I’ll remember the day my first blog ended. This was a blogspot operation. It was the day I discovered the ‘next blog’ button on the top of the page. It took you to another (apparently random) blog in the blogspot network.
User-experience-wise, this was probably the 2008 equivalent of chatroulette: half of the blogs were unserviceably lewd and the other half farcically irrelevant. An advertisement for an online singles service, followed a finnish poetry student, followed by a home-crafts guru with pictures of her cat.
A few times a week, then, I would take my favorite thoughts out of my little head and put them on blogspot. There, they would enter the mix of ‘next blog,’ wedged between somebody’s vacation in Africa and grainy nudes of serbian celebrities. I suppose my unique capacity for neurosis is illustrated by the fact that I managed to feel two separate and possibly opposite anxieties about this.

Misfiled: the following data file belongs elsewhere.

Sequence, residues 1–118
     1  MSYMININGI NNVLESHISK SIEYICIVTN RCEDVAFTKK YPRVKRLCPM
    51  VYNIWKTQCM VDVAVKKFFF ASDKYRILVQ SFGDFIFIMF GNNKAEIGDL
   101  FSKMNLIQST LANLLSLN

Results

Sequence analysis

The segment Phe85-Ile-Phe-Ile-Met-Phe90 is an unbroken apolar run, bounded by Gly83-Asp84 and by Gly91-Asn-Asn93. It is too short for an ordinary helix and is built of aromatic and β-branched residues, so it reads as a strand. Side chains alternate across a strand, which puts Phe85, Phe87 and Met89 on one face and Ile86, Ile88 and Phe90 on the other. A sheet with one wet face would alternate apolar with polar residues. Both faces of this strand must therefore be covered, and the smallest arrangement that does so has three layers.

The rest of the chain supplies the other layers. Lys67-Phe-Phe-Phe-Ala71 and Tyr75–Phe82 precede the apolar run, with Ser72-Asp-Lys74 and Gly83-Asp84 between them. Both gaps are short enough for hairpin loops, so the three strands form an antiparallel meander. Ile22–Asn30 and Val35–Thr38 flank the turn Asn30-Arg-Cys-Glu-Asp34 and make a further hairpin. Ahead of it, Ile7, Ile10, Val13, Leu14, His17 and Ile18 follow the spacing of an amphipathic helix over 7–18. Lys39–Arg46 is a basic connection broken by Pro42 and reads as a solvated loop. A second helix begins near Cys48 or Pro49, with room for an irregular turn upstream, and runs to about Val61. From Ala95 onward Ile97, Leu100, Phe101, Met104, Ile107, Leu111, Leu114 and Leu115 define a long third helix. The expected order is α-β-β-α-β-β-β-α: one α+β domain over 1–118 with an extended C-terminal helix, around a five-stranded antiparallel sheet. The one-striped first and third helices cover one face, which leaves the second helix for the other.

The first anxiety was an exceptionalist anxiety. My thoughts were far more sophisticated, I was far more intelligent than my fellow-bloggers. It was completely unfair to myself to put the brilliant things I had to say on this platform. The second anxiety was a perfect complement to the first: it was an egalitarian anxiety. My thoughts had no more value to add to the world than Gavin’s daily image archive or the photos from the Clarksville crossfit. This was even worse.
[Much of life follows this pattern: the inability to decide whether we are not worthy of the world or the world is not worthy of us.]
This, my third blog, is an effort to evade the egalitarian and exceptionalist anxieties. It has an inspiration and a premise: to ask and answer interesting questions about American living under circumstances which have been called ‘late capitalism,’ ‘post-industrial,’ or simply ‘now.’